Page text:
Abstract: Opening Plenary Session  2:35 pm (BACK)

Stream Restoration Drivers – Habitat & Species

Amanda Bassow
National Fish & Wildlife Federation

The National Fish and Wildlife Foundation (NFWF) pools funding from a range of public and private sources to achieve conservation results. NFWF has developed an approach to maximizing the conservation impact of the dollars we invest, while also meeting multiple funders’ objectives. This approach involves establishing numeric goals for improving habitat and increasing populations of keystone species in geographies of mutual interest to NFWF and our funding partners.

In late 2012 NFWF’s Board adopted a new business plan for the Chesapeake Bay business plan outlines a comprehensive strategy to guide NFWF’s conservation investments in the Chesapeake Bay through the year 2025. It sets clear and achievable conservation goals that will enhance the resiliency of the Chesapeake Bay ecosystem; increase populations of keystone species; reduce harmful pollutants from entering streams, rivers and the Bay; and aim to reduce the costs of the recovery effort. This strategy builds on more than 10 years of investing in the Chesapeake Bay through NFWF’s Chesapeake Stewardship Fund.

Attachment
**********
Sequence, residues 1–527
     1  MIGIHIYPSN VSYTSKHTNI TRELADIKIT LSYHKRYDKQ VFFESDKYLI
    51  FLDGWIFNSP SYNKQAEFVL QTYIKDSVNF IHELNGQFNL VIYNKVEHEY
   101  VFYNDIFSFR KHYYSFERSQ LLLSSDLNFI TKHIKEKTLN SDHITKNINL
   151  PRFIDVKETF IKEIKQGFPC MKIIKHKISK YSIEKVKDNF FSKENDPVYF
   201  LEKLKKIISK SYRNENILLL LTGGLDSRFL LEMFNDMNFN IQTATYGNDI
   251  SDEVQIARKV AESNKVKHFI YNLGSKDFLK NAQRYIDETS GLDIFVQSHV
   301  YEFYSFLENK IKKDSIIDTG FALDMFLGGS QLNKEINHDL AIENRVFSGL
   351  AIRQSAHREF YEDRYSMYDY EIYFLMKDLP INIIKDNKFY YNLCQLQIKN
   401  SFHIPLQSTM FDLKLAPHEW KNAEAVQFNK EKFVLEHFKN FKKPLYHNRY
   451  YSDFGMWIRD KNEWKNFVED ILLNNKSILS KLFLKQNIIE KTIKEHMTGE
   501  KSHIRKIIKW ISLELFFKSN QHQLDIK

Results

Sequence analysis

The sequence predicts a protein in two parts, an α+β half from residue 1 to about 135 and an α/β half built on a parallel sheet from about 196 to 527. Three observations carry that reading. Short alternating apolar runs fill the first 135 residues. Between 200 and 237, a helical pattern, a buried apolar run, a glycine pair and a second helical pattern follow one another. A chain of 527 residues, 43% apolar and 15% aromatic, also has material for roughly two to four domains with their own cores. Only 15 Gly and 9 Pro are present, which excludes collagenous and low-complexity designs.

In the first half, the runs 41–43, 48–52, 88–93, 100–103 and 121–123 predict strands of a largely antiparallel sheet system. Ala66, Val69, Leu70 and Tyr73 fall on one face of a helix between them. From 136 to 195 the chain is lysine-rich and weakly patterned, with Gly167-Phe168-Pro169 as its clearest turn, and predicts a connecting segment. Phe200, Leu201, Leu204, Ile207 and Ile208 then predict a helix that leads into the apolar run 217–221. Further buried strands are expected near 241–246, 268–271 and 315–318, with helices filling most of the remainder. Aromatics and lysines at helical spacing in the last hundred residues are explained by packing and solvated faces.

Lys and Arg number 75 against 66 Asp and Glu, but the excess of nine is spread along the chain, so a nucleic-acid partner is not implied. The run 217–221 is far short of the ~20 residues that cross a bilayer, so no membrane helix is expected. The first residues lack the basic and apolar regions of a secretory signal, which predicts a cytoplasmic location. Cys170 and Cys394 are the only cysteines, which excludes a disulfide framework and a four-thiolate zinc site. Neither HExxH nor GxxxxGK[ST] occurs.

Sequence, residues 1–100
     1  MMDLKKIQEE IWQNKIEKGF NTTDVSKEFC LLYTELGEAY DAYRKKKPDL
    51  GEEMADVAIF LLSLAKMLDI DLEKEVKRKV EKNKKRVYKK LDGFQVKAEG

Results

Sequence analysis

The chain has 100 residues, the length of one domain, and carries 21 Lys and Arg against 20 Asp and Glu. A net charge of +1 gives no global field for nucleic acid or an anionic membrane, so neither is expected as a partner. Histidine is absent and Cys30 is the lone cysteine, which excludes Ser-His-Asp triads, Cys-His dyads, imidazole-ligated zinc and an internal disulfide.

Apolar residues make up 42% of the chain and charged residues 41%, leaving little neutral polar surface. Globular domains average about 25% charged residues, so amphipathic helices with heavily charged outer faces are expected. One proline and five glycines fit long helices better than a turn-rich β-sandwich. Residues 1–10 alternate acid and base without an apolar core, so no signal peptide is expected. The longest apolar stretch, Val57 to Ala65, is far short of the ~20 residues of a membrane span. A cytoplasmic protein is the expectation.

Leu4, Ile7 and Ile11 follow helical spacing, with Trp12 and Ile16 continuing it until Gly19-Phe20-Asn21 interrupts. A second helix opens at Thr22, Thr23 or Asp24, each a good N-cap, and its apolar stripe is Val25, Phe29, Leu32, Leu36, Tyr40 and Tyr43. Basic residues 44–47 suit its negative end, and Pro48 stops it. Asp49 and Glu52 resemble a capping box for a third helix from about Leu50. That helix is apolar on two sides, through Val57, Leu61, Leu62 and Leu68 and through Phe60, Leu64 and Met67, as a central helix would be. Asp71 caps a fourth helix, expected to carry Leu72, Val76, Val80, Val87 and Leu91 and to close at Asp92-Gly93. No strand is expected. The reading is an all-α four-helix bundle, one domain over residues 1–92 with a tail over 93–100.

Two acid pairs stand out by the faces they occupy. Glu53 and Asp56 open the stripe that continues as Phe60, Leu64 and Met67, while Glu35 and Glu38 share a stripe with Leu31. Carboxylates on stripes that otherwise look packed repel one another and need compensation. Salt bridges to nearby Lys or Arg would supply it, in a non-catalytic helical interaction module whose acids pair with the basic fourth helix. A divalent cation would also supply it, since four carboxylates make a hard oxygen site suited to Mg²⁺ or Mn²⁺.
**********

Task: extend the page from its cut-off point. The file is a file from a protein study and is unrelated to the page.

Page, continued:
An underlying hypothesis of this strategy is that by focusing investments in targeted sub-watersheds of the Chesapeake Bay, NFWF and its partners can simultaneously achieve measurable water quality improvements, fish and wildlife habitat enhancements and recover threatened freshwater and marine fish species. The business plan focuses on the recovery of four keystone species that historically have been present in a subset of the 16 targeted watersheds: oysters, crabs, river herring and Eastern Brook Trout. These species were selected because their populations have been dramatically reduced, they are important species from a cultural and economic perspective and they serve as important indicators of the overall health of the Chesapeake Bay, its rivers and streams.